Elegy for a Cardinal
It’s a loud smack against the windshield
and a flutter of red and grey and gone
before the shock of feathers and a faint
absence of song tumble as quickly
against memory. Already it’s disappeared
miles behind us on I-78, this strange bird
migrating across lanes of traffic at rush hour.
My husband is driving and asks
what hit the glass, was it a rock,
did it leave a mark? I hesitate
not wanting to bring death with us
on this visit to his terminally ill grandfather.
He says it must have been disoriented.
Nothing we could have done to avoid it.
I want to think it had a chance,
that it wasn’t already dying
as we were driving into the wind.
We’ve gotten here too late.
The old diesel truck smoking up the street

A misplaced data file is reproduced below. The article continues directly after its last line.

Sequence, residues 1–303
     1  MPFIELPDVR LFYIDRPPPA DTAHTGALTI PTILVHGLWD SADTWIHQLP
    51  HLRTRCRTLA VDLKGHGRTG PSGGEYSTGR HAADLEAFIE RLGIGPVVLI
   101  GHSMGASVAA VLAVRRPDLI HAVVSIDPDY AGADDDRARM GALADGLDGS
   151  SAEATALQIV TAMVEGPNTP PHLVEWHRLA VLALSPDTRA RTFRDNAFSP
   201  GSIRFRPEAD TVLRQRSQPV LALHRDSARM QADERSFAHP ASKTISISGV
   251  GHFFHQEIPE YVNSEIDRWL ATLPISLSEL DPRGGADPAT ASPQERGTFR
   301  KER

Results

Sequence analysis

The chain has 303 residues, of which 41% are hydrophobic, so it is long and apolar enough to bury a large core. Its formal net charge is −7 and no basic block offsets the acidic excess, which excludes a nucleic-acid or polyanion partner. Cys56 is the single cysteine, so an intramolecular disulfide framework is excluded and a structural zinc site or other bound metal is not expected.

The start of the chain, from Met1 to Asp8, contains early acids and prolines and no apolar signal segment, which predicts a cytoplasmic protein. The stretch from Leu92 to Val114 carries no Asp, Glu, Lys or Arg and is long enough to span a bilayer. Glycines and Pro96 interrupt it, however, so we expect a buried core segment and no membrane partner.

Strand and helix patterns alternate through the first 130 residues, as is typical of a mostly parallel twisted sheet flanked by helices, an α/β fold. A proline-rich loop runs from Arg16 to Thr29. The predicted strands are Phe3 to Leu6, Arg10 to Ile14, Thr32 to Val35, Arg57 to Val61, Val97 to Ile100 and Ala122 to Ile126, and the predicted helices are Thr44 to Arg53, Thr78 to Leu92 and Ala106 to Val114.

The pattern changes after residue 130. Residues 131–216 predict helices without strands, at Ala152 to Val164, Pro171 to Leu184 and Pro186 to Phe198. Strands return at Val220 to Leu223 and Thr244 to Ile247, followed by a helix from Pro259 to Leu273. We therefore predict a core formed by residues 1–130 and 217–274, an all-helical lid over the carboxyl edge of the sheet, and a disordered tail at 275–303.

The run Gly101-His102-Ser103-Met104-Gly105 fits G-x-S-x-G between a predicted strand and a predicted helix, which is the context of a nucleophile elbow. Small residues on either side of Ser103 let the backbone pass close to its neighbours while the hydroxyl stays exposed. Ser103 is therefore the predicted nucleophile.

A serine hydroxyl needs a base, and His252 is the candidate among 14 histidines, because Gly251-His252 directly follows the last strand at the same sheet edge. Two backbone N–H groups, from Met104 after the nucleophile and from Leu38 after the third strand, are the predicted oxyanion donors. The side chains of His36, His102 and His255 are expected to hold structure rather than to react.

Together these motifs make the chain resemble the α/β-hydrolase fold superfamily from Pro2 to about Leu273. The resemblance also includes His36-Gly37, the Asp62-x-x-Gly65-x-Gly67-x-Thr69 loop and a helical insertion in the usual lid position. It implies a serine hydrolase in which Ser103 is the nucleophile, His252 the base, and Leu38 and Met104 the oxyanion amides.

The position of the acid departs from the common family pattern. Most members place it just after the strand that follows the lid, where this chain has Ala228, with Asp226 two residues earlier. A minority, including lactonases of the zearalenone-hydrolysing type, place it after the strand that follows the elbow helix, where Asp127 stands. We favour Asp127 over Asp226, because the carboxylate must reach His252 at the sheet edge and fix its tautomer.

makes fewer rounds – chances are he won’t
wake us at dawn with his warbling bullhorn
announcing Figs! Fresh Figs! Sweet, ripe
figs! Get your figs here! – chances are
he won’t come.
We wait days, nearly a week.
And then: the sweet, bursting figs
make my tongue itch, my mouth dry:
they didn’t when I was a child.
We come here claiming memories
that were never ours. We want the past,
but freshly stamped out
just for us. Give us a young Audrey Hepburn
on a vintage Vespa, repainted and rebuilt
with a twenty-first century engine.
I want the figs of my childhood, want to peel
back the thick green skin to reveal
stringy flesh and purple pulp.